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Good news and bad for India

India is taking two steps forward, one back in its quest for energy independence

The discovery in September of two new fields by India's Oil and Natural Gas Corp (ONGC) marks a step forward in the country's problematic strategy of energy independence, just as it faces up to the high cost of renewed sanctions against Iran.

The finds—in Madhya Pradesh's Vindhyan block in central India and at Ashoknagar in West Bengal, eastern India—could bring the total of producing sedimentary basins in the country to eight.

These latest discoveries follow one made by ONGC in early 2018, in the Gulf of Kutch off the West Coast that's due to start pumping oil around 2020. Even better for the country's drive for energy independence, ONGC estimates that the Kutch field could hold 1 trillion cubic feet of gas at manageable maximum depths of 200 metres.

Iran influence

That's the good news. The bad news is that president Trump's repudiation of the anti-nuclear treaty with Iran could hit India hard. That's because compliance with the resumption of sanctions means India will have to replace imports of Iranian crude with more expensive supplies from Saudi Arabia. According to estimates by Clarus Law's energy specialists, the cumulative cost to India will be about $1bn for every $1 increase in the price of a barrel of imported crude.

Currently, India buys about 10.4% of its crude imports from Iran, mainly through Bharat Petroleum, Hindustan Petroleum, Indian Oil, Reliance and Gail, formerly known as Gas Authority of India. But what choice do these importers have? If any non-US company continues to deal with Iran, they'll be hit with secondary sanctions that are due to apply from 4 November 2018.

As it stands, the ripping up of the treaty does nothing for prime minister Narendra Modi's grand plan to reduce the cost of oil imports as he aims for a 10% reduction in imports by 2022.

Out of gas

The Modi government is also battling with the financial mess it inherited in gas-based power infrastructure that, if it's not fixed, will hurt plans for cleaner energy. Of India's total 27.123 gigawatts capacity in gas-fired generation, nearly half has officially been designated as "stranded", meaning idle. That's because these plants, most of which were built on the back of government policy that prevailed until 2012, are still waiting for supplies of domestic gas. Financial white elephants, they are weighed down by 48,000 crore ($6.5bn) in debt, which may have to be written off, according Clarus Law's energy infrastructure specialist Piyush Joshi.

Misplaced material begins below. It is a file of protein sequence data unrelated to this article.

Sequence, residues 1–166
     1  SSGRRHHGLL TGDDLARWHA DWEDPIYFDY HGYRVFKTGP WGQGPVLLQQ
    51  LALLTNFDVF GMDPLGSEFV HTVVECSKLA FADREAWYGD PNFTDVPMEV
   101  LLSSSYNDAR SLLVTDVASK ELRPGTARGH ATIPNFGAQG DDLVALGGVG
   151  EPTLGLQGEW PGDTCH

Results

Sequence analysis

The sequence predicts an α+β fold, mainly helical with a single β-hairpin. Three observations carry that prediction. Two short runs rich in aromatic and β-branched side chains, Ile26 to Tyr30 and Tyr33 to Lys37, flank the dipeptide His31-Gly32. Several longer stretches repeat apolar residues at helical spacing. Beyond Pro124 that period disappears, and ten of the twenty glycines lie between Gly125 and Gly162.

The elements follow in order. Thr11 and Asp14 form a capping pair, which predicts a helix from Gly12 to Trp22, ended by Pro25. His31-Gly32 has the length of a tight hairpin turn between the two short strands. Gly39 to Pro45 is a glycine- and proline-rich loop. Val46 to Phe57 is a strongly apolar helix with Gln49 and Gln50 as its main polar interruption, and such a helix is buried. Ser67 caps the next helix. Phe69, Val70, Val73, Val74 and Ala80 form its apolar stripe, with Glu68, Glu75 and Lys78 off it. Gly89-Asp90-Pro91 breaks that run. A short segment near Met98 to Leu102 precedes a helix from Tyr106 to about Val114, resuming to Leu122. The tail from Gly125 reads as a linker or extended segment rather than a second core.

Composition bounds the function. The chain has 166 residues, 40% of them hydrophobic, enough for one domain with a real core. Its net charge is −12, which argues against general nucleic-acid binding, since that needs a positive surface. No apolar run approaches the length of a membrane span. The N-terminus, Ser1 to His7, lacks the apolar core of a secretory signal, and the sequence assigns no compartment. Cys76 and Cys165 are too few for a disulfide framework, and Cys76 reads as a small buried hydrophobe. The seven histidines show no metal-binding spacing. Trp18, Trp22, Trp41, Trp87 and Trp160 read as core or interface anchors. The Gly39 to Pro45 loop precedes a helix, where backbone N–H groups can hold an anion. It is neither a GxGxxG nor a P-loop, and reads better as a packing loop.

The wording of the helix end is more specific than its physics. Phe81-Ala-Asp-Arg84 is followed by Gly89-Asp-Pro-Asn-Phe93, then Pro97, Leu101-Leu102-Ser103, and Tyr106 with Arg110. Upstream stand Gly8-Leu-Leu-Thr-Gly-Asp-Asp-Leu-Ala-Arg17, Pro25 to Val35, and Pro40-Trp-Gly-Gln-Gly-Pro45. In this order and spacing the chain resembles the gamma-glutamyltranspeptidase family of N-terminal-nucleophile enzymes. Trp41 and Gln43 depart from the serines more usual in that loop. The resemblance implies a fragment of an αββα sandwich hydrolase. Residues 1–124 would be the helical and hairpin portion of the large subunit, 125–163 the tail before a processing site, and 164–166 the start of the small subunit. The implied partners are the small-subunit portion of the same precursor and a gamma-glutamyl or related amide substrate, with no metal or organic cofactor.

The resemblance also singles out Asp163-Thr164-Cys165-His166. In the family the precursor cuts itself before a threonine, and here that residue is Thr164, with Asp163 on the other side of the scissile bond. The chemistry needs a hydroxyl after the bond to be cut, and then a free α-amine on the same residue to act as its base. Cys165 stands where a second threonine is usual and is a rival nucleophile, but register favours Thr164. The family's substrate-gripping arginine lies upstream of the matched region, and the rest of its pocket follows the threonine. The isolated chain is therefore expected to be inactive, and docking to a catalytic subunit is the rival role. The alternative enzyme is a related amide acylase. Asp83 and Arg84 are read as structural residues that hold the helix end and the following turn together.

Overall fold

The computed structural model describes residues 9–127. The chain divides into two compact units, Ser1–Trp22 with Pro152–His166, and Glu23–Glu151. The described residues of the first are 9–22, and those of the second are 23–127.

"There is increasing clamour to send the stranded gas-based capacity through the shredder process of the Insolvency and Bankruptcy Code," he notes in a paper released in September.

Generally, domestic gas production has been disappointing. While output rose by 4.5% in 2017, according to BP's latest statistical review, it had fallen for six straight years, and the latest increase only restores production to 2006 levels.

Saudi deal

In the meantime, India's oil needs continue to rise inexorably. According to consultancy Wood Mackenzie, refined product demand is expected to rise by 120,000 barrels a day for the next five years. This is more than twice as fast as the extra 45,000 b/d that the big public-sector energy companies are predicted to deliver over the same period under current expansion plans. Unless private refiners such as Reliance and Essar can come to the rescue, the public sector would need to add between 150,000 and 200,000 b/d just to maintain self-sufficiency in transport fuels between 2025 and 2035.

"Because of the under-investment, [these companies] will see their combined gasoline and middle distillate deficits rising to 630,000 b/d by 2023," concludes Wood Mackenzie. "If India is to be self-sufficient, the need for new capacity to meet the growing demand in the longer term is clear."

This is why India desperately needs a projected $44bn project planned with Saudi Aramco. At a capacity of 1.2m b/d, the Ratnagiri-based refinery and petrochemicals complex should help plug both fuel and petrochemical feedstock gaps.

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